The overall footprint of the absorbent core is defined by the core wrap and is typically generally rectangular with a core width W′ in the transversal direction and a core length L′ in the longitudinal direction as measured from edge to edge, including the region of the core wrap which does not enclose the absorbent material, in particular at the front end seal and the back end seal when present. The width and length of the core may vary depending on the intended usage. For baby and infant diapers, the width W′ may for example in the range from 40 mm to 200 mm and the length L′ from 100 mm to 600 mm. Adult incontinence products may have higher maximum dimensions. The absorbent core may be symmetrical relative to the longitudinal axis 80. The longitudinal axis of the core typically overlaps with the longitudinal axis of the absorbent article when the core is incorporated in the article.
The absorbent material may be a blend of cellulose fibers with superabsorbent polymer (SAP) particles, also called absorbent gelling materials (AGM). The absorbent material may in particular comprise, by weight, from 30% to 75% of SAP particles, in particular from 40% to 70% by weight of SAP particles, or from 45% to 65% by weight of SAP particles relative to the total weight of absorbent material. The rest of the absorbent material may typically be cellulose fibers. The absorbent material may thus comprise from 25% to 70% by weight of cellulose fibers. Synthetic fibers may also be comprised in the absorbent core but are not typically considered as absorbent material. The absorbent material may also comprise higher amount of SAP, up to 75%, 80% by weight of the absorbent material, or more, mixed with cellulose or other fibers. The absorbent cores may also consist essentially of SAP without cellulose fibers as absorbent material (so called “airfelt-free” cores) as known in the art. For example WO2008/155699 (Hundorf) discloses absorbent cores with a patterned layer of SAP immobilized by a net of fibrous thermoplastic adhesive material deposited over the layer of SAP.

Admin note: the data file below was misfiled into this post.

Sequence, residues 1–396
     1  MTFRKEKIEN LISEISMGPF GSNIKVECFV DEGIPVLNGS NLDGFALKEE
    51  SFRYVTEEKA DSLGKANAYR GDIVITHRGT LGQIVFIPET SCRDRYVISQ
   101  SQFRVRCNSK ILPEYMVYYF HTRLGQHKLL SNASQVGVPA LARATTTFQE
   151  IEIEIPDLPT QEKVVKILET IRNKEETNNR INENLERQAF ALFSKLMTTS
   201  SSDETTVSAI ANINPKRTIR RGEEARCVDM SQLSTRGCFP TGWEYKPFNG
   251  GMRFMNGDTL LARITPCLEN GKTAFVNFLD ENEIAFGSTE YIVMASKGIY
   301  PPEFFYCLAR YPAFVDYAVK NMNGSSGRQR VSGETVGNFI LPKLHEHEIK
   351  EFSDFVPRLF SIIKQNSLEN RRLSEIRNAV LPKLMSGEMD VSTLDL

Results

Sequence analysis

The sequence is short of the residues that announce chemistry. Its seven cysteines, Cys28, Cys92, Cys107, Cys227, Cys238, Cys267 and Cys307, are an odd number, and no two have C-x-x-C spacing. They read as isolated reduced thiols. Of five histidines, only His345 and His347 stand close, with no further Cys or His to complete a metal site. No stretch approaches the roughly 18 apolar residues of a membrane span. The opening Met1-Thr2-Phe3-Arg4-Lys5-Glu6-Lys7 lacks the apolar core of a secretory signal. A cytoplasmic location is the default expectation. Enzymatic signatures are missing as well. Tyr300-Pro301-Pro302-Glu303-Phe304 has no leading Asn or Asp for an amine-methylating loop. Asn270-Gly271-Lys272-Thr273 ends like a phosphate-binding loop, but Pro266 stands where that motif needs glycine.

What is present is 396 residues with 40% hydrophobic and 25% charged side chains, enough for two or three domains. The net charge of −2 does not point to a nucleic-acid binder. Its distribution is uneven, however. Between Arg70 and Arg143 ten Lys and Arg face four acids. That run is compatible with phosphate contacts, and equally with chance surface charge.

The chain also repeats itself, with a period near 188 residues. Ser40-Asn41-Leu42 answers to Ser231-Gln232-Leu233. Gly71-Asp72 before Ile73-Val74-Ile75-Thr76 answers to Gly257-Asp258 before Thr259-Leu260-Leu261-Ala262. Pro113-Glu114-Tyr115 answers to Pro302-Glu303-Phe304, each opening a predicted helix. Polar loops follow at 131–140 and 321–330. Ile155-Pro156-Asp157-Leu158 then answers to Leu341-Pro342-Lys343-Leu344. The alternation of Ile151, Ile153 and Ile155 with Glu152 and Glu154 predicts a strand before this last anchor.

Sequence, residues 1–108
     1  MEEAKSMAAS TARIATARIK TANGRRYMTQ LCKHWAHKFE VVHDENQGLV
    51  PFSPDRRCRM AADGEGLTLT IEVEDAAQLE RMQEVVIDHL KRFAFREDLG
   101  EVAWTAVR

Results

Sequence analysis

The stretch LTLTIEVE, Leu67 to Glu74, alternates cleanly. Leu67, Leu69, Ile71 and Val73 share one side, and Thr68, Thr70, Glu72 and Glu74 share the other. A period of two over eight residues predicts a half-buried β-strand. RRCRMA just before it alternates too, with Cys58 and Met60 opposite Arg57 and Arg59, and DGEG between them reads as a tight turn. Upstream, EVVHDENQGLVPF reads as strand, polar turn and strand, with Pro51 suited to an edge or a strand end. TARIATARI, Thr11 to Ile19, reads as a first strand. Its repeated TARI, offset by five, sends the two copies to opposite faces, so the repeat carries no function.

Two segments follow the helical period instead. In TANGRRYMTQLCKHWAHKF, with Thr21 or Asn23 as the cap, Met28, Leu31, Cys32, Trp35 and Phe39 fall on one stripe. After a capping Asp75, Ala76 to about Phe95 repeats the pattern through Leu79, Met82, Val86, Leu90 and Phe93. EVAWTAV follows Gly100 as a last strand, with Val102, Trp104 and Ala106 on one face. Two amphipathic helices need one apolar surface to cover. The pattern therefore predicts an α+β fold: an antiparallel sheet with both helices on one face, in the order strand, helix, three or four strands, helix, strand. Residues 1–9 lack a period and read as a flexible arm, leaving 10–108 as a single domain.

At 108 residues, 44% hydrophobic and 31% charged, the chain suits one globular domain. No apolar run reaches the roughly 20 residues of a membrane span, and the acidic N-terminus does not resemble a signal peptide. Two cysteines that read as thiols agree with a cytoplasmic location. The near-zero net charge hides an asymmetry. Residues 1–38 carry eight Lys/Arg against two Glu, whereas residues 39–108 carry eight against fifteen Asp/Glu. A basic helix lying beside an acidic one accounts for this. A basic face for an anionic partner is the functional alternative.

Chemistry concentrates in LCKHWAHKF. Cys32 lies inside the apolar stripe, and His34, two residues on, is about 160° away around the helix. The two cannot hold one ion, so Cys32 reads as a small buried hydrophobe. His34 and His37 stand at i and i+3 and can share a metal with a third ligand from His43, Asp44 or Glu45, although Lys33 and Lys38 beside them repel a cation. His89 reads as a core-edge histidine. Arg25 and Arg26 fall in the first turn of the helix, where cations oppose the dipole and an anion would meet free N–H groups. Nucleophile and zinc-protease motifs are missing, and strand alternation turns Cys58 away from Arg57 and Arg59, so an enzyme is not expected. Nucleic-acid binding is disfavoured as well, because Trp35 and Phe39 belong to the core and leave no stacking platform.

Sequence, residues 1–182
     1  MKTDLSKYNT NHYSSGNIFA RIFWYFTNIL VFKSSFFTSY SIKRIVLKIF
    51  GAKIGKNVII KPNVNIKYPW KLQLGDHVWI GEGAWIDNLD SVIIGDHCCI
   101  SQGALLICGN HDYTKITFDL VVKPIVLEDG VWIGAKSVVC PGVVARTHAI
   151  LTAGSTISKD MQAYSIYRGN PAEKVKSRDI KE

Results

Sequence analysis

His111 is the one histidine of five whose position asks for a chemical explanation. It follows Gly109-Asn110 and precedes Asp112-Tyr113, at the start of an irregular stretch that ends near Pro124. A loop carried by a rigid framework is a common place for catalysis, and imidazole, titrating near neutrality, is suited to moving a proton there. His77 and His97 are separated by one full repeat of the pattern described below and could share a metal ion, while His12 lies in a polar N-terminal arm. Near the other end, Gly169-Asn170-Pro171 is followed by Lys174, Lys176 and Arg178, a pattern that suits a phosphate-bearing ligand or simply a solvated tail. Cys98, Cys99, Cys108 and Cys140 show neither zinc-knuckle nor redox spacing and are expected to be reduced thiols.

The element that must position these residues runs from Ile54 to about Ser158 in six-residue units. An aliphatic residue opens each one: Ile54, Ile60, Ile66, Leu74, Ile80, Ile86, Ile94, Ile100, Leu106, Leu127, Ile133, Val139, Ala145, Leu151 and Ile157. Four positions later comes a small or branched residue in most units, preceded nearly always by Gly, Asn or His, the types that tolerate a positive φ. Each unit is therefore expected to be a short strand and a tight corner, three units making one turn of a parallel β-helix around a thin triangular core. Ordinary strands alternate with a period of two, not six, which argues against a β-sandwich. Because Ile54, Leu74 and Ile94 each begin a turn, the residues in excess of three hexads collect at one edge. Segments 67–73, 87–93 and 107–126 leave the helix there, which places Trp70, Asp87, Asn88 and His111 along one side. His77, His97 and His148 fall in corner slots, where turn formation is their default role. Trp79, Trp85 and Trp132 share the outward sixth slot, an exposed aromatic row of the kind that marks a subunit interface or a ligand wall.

Suitable SAP may be any water-insoluble, water-swellable polymers capable of absorbing large quantities of fluids, as is known in the art. The term “superabsorbent polymer” refers herein to absorbent materials, typically cross-linked polymeric materials, that can absorb at least 10 times their weight of an aqueous 0.9% saline solution as measured using the Centrifuge Retention Capacity (CRC) test (EDANA method WSP 241.2.R3 (12)). The SAP may in particular have a CRC value of more than 20 g/g, or more than 24 g/g, or of from 20 to 50 g/g, or from 20 to 40 g/g, or 24 to 30 g/g.
The absorbent material 60 defines an absorbent material deposition area within the core wrap. The deposition area is delimited by the periphery of the absorbent layer formed by the absorbent material, as seen from above within the plane of the core. The deposition area may be generally rectangular as shown in the Figure, but it may also be advantageously shaped so that the longitudinal edges of the cores have a tapered section in the crotch region relative to the front region and/or back region, as is known in the art for so-called “shaped cores”. Small size baby diapers may also comprise a notch on the front edge of the absorbent material'"'"'s deposition area to adapt to the presence of remains of the umbilical cord of very small babies.
The absorbent material 60 may be deposited on one side of a core wrap material, with the other side of the core wrap being then applied on top of the absorbent layer thus deposited. The two sides of the core wrap may be made from a single substrate which is folded around the absorbent layer, or alternatively two different substrates may be used to form the first and the second sides of the core wrap respectively. Alternatively, the absorbent material may be deposited as a first and second absorbent layers applied on the top side 16 and bottom side 16′ respectively with both absorbent layers then being brought in face to face contact and sandwiched together to form a unitary layer. This is for example disclosed in WO2008/155699 (Hundorf et al). The core wrap will be typically longitudinally sealed and optionally transversally sealed at its back and front edges.